Shortly after a woman is diagnosed with ovarian cancer it is important to stage the cancer. Staging is used to help determine the treatment used to fight her ovarian cancer. An exploratory laparotomy is used to determine the stage of the disease (how far the cancer has spread). A gynecologic oncologist usually performs the exploratory laparotomy by making an incision through the abdomen to expose the ovaries.

During the surgery, if cancer is seen, the doctor will remove as much of the cancer as possible. If only one ovary is involved a unilateral oophorectomy is performed (removal of one ovary). Typically the doctor will remove both ovaries unless the patient is young and in the childbearing years and has expressed a desire to maintain fertility. A biopsy of the surrounding tissue including lymph nodes, and then the abdominal cavity is “washed” with a fluid that is collected and examined for cancer cells (peritoneal lavage).

Staging Process

The staging occurs after the surgery, when a doctor will review the histopathology report from the samples taken during the surgery. The doctor may also consult with other tests performed on the patient such as ultrasound imagery, blood tests, and any other tests that were performed.

The staging will help to formulate projections for survival, recurrence of the disease or relapse of the disease. Staging also, as previously stated, help the doctor and patient to choose the most appropriate treatment methods.

Staging System

The staging system includes four stages (I, II, III, IV) and recurrent cancer, which is cancer that has come back after the patient has been treated for cancer already.

The International Federation of Gynecology and Obstetrics developed staging scheme. Doctors also use a TNM system which is a classification system developed by the American Joint Committee on Cancer (AJCC) where T stands for Tumor size, N stands for Node involvement, and M stands for Metastasis status.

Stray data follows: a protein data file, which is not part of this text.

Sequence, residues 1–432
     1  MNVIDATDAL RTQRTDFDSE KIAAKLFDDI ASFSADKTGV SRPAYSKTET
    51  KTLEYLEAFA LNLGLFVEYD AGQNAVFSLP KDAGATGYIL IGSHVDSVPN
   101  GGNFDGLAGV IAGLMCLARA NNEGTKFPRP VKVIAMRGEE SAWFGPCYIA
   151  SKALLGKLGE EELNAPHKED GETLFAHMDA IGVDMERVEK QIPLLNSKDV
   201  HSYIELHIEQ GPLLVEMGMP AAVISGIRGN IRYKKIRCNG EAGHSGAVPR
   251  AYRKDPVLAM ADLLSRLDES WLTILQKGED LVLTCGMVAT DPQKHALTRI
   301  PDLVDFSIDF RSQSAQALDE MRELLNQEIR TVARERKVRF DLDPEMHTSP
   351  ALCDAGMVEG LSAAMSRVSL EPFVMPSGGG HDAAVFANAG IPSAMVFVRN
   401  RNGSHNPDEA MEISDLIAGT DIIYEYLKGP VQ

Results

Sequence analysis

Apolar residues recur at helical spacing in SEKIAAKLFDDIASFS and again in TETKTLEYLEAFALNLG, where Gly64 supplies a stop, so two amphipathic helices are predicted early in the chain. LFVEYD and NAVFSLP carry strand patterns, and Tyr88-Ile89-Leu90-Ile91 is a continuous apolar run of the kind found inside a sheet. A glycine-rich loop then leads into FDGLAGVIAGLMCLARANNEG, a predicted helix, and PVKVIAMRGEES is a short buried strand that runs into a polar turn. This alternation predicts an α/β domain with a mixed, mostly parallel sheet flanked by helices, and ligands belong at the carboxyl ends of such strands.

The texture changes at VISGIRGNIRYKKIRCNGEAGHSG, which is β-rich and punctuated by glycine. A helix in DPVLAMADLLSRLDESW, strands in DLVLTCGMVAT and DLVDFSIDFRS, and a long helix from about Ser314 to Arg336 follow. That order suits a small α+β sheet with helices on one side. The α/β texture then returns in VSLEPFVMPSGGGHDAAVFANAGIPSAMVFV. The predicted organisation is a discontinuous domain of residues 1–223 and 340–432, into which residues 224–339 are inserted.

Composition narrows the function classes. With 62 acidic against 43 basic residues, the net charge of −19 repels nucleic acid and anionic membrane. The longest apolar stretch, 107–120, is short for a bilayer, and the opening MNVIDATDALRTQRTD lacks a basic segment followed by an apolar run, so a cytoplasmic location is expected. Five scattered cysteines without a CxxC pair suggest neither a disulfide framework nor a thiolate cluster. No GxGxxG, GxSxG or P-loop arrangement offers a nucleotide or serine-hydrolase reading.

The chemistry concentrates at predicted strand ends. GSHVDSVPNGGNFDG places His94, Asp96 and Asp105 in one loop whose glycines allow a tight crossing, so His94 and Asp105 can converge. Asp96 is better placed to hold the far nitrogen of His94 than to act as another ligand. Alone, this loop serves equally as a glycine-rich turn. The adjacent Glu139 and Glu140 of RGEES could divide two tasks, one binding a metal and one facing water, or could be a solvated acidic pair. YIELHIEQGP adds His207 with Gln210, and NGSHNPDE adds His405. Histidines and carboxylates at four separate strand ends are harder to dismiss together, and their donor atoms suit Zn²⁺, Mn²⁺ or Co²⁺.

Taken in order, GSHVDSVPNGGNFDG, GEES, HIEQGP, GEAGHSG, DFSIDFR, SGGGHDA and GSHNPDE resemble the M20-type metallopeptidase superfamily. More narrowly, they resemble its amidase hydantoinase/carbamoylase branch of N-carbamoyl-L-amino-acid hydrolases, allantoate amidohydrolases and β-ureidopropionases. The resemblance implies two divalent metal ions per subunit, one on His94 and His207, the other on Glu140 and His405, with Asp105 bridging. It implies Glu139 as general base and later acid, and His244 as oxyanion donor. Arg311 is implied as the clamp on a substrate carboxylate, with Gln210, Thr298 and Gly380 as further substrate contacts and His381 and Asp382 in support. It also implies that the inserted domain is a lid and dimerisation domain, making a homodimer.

Typically the lower the stage the more favorable the prognosis.

The tumor is classified according to these categories:

T1 tumors are limited to one or both ovaries but have not spread further than the ovaries.

T1a tumors are limited to one ovary with the outer wall of the tumor being intact. There is no evidence of tumor on the outer wall of the ovary. No cancer cells are detected in the peritoneal lavage.

T1b tumors are limited to both of the ovaries and the capsule is intact with no cancer detected on the ovarian surface and no cancer in the peritoneal lavage.

T1c tumors are limited to one or both ovaries with either a ruptured capsule, tumor on the ovarian surface, or cancer cells in the peritoneal lavage.

T2 tumors involve just one or both ovaries with spread of cancer to the pelvis.

T2a tumors have spread or attached to the uterus and or fallopian tubes with no cancer cells in the peritoneal lavage.

T2b tumors have spread to other pelvic tissues with no cancer cells in the peritoneal lavage.

T2c tumors have spread to the pelvic tissues with cancer cells in the peritoneal lavage.

T3 tumors are involved in one or both of the ovaries have confirmed microscopically peritoneal metastasis outside of the pelvis and or have metastasis to a nearby lymph node.

T3a tumors have peritoneal metastasis beyond the pelvis

T3b tumors are macroscopic (visible to the naked eye) peritoneal metastasis beyond the pelvis, with 2 cm or less in dimension.

T3c tumors with peritoneal metastasis beyond the pelvis, with more than a 2 cm in dimension.

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